Commodity and equity markets will likely have to contend with a longer period of uncertainty about inflationary and supply chain shocks associated with anti-Russia sanctions.
In addition, keep in mind that Russia has barely begun to roll out its counter-sanctions. “No rubles, no gas” was its first major announcement in this regard. If EU countries refuse to pay for Russian natural gas supplies in rubles (or gold) rather than in euros or dollars, Russia could halt gas supplies sooner rather than later. This policy is primarily in response to EU countries freezing billions of Russia’s euro and dollar exchange reserves. Thus far, EU countries have refused to pay for gas in rubles. Russia is considering other “rubles for commodities” mechanisms on crude oil, industrial and precious metals, agriculture, fertilizers, and timber against countries that have implemented anti-Russia sanctions. Moscow is also studying whether to impose restrictions on uranium supplies to the U.S., which are used for nuclear power plants. These are just a few potential counter-sanction examples.
Furthermore, we don’t rule out that a new sanctions front could develop, albeit much less in magnitude. Western sanctions could be imposed on countries that are choosing to remain “neutral” in the Russia-Ukraine conflict and not implementing anti-Russia sanctions of their own. The U.S. State Department has already hinted as much. China and India seem like the biggest targets. If such actions take place, China’s Foreign Ministry indicated there would be a tit-for-tat response.
We think energy, metal, and agriculture commodities will continue to be priced with a “sanctions premium” (also called a “geopolitical risk premium”)—higher than they would have been had the Ukraine crisis not occurred—and this will exert pressure on global inflation, supply chains, and economic growth for at least the time being.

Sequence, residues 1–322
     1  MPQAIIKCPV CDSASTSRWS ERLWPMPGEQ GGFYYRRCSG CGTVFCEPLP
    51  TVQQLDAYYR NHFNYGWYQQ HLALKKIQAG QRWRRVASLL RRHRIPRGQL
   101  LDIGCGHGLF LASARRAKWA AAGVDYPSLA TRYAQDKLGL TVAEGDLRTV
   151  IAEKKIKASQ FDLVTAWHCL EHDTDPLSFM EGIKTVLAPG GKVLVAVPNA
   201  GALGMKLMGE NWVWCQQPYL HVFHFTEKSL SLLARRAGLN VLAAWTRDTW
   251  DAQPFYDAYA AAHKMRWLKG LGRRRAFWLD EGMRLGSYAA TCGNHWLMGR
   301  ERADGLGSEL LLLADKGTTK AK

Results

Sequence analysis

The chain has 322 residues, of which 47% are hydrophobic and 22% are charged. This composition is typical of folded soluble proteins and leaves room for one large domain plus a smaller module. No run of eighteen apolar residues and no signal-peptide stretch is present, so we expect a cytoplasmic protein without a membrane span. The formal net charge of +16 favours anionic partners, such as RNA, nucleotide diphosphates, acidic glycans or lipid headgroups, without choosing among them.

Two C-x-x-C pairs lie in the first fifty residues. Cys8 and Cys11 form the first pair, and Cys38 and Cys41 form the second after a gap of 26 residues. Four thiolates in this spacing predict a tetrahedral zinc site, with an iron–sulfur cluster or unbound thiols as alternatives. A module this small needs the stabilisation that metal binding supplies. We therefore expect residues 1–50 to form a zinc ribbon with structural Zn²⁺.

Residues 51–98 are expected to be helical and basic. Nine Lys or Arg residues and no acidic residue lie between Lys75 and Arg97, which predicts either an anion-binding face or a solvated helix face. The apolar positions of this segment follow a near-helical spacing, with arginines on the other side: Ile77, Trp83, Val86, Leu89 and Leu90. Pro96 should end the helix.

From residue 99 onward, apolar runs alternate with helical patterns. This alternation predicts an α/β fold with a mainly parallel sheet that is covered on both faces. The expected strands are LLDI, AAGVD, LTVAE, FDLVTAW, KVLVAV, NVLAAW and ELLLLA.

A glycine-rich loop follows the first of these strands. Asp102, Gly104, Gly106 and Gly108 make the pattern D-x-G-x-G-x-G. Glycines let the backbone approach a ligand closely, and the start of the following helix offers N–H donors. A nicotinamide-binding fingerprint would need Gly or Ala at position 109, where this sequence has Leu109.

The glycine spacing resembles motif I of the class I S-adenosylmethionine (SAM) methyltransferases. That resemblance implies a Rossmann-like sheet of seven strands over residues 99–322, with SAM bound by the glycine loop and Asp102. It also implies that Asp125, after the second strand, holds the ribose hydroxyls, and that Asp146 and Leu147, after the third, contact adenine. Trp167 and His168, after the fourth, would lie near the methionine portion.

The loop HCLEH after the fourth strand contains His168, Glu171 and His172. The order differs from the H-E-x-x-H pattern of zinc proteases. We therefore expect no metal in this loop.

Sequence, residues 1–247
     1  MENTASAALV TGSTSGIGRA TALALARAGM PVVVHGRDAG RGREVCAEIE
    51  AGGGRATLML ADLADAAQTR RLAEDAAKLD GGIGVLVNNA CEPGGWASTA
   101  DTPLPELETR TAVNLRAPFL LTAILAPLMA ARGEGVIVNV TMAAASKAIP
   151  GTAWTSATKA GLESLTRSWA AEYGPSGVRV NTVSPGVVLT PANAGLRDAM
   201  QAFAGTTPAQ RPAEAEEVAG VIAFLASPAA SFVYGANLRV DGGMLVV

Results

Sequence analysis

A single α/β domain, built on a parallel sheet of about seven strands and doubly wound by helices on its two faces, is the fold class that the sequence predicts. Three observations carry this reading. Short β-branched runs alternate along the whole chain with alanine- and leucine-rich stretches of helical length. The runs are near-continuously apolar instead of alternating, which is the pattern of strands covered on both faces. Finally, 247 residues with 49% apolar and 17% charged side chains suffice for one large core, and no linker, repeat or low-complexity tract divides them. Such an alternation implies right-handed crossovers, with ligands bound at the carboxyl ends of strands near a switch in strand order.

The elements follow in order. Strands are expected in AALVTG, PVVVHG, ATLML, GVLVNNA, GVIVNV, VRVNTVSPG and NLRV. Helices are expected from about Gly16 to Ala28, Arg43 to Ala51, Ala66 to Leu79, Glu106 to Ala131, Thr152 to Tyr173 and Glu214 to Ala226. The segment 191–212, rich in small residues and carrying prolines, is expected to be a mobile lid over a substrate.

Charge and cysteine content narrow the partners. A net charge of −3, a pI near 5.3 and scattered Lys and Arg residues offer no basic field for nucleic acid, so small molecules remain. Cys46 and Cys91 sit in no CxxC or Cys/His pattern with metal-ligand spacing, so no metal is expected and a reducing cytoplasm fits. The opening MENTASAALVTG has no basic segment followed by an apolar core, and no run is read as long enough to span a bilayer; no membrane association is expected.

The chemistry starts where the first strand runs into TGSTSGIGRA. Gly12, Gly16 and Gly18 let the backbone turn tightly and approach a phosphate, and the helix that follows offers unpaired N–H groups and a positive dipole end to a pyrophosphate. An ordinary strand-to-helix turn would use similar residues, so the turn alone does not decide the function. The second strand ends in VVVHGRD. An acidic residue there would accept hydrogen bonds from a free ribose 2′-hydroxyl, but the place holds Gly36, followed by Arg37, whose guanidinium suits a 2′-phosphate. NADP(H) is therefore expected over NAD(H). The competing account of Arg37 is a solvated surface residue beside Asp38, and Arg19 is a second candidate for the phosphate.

When will such pressure lift? It will take time for Europe to shift away from Russian commodities. Likewise, it will take time for Russia to re-route its commodities further toward Asia, including to China and India, and to other countries that have not imposed sanctions (currently 140 of the 190+ countries in the United Nations, by China’s count). We have not yet seen credible estimates as to how long these processes could take.
Given the lingering inflation, supply chain, and growth risks, there is a wider range of potential outcomes for the global economy and corporate earnings in 2022 than there was just a few months ago.
The silver lining is that the U.S. and Canadian economies are better equipped to handle these risks than European economies. The U.S. and Canada, especially in combination, are much more self-sufficient due to natural resource abundance, and they have fewer direct and indirect ties to the Russian economy. While Russia is the world’s largest commodity producer, the U.S. and Canada are either at the top or near the top of the ranks in a wide variety of energy, industrial and precious metal, and agriculture commodities.
The U.S. and Canada both have the benefit of primarily selling their commodities and other goods and services to the largest market in the world—the U.S. Even the S&P 500, which includes many of the largest and highest-earning multinational companies in the world, derives roughly 70 percent of its revenue domestically; less than 12 percent typically comes from Europe.
For these reasons, and importantly because U.S. recession risks are currently rather low according to our leading economic indicators, we remain moderately Overweight U.S. equities and have a constructive Market Weight stance on Canadian equities. For long-term investors who have money to put to work and have a dollar-cost averaging plan—and would rather not be sitting on a lot of cash in an inflationary environment—we would stick with the plan.